08 July, 2011
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At Healthfully, we strive to deliver objective content that is accurate and up-to-date. Our team periodically reviews articles in order to ensure content quality. The sources cited below consist of evidence from peer-reviewed journals, prominent medical organizations, academic associations, and government data.
- MayoClinic.com: Peptic Ulcer
- National Digestive Diseases Information Clearinghouse: H. pylori and Peptic Ulcers
The information contained on this site is for informational purposes only, and should not be used as a substitute for the advice of a professional health care provider. Please check with the appropriate physician regarding health questions and concerns. Although we strive to deliver accurate and up-to-date information, no guarantee to that effect is made.
Castor Oil & Stomach Ulcers
Stomach ulcers, also known as peptic ulcers, are small holes in the gastrointestinal tract. According to MayoClinic.com, these types of ulcers are a common condition among Americans, as they affect as many as 10 percent at some point in their lives. Stomach ulcers carry with them great discomfort; however, treatment with castor oil may reduce the pain associated with them.
Castor oil is oil that derives from castor seeds. It is generally yellow in color and somewhat resembles vegetable oil. Castor oil is used as an alternative treatment for ailments such as skin conditions, and it may be used as a pack to relieve abdominal pain, headaches, inflammatory problems, and muscle and joint pain.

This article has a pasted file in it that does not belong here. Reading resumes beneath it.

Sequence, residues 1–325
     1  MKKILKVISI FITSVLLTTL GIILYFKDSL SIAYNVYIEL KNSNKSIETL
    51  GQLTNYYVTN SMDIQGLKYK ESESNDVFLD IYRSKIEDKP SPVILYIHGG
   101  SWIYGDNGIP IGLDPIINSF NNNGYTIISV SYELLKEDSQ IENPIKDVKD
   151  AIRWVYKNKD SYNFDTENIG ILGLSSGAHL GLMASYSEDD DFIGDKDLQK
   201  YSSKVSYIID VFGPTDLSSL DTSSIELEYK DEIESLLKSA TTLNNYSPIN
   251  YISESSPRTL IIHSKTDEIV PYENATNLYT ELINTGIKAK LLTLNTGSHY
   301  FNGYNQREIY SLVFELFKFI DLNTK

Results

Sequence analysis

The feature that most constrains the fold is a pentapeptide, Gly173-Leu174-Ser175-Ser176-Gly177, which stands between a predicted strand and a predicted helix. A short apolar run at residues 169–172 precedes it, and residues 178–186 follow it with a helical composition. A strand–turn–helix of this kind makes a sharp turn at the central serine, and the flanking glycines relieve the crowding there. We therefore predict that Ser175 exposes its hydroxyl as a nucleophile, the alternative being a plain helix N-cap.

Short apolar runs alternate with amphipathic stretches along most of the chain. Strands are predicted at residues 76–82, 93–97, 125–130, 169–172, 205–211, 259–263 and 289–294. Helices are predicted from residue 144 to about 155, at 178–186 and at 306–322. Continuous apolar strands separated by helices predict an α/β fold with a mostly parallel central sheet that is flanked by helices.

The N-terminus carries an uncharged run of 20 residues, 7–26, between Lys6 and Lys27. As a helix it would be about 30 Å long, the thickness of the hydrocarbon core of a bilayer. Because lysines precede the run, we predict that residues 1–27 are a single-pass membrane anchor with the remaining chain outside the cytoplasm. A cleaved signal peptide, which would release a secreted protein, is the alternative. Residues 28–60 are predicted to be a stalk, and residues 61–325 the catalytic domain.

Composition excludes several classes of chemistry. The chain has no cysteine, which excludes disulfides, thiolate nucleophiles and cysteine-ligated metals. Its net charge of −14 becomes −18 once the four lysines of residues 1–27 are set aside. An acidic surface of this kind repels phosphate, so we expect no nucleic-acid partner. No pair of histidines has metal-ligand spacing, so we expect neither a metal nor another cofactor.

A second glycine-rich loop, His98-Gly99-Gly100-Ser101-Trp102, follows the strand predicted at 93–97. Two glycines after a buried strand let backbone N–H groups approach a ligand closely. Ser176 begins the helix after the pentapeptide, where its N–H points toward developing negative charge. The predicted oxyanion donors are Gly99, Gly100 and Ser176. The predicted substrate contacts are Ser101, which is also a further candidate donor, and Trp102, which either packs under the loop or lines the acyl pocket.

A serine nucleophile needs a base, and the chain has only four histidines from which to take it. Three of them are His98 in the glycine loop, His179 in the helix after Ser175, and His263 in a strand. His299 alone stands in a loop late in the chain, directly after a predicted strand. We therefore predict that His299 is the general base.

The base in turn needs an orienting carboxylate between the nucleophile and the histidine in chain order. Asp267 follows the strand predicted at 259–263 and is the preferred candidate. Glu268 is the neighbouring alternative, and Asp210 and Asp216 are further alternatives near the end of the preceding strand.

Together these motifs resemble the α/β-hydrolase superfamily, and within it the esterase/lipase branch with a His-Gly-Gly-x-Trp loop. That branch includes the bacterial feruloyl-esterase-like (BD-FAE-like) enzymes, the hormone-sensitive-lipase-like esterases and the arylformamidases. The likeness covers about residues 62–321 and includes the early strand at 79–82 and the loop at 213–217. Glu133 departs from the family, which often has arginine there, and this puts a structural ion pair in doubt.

H. pylori is an infection causing bacteria and is the most common cause of stomach ulcers. According to the National Digestive Diseases Information Clearinghouse, H. pylori causes ulcers by damaging the mucosal lining that protects the stomach and duodenum. Once this occurs, potent stomach acid is able to reach the lining beneath.
Symptoms of stomach ulcers may range from mild to moderate and are generally felt between the breastbone and abdomen. Some symptoms include nausea, vomiting, weight loss, burning pain in the stomach, nighttime flare-ups and persistent pain for hours. Discomfort may be relieved when eating certain foods. However, if you experience blood in your stool or vomit, contact your physician immediately.
Stomach ulcers are generally treated with a prescribed medication from your doctor. However, using castor oil to treat stomach ulcers may reduce the pain and inflammation. According to the Home Remedies for You website, a glass of warm milk with 2 tsp. of castor oil added to it may provide immediate relief from the acidity caused by stomach ulcers by protecting the lining of the stomach. As with any health condition, always consult with your physician prior to self-treating.
Certain steps may be taken to prevent recurrence of stomach ulcers such as reducing your intake of caffeinated beverages, reducing alcohol intake, eating several small nutritious meals, exercising and stopping smoking. According to the KidsHealth website, it is not understood how the H. pylori bacteria is passed from person to person. However, the bacteria may be spread by kissing, through food and water, or contaminated vomit. Always wash your hands when using the bathroom and before meals.
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